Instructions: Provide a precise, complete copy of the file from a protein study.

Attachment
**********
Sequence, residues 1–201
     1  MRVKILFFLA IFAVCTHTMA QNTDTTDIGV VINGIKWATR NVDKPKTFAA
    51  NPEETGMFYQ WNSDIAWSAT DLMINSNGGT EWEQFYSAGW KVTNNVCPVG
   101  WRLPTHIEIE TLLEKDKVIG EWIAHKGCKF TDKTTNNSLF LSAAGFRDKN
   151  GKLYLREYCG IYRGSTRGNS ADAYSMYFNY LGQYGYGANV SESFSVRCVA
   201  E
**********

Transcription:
Sequence, residues 1–201
     1  MRVKILFFLA IFAVCTHTMA QNTDTTDIGV VINGIKWATR NVDKPKTFAA
    51  NPEETGMFYQ WNSDIAWSAT DLMINSNGGT EWEQFYSAGW KVTNNVCPVG
   101  WRLPTHIEIE TLLEKDKVIG EWIAHKGCKF TDKTTNNSLF LSAAGFRDKN
   151  GKLYLREYCG IYRGSTRGNS ADAYSMYFNY LGQYGYGANV SESFSVRCVA
   201  E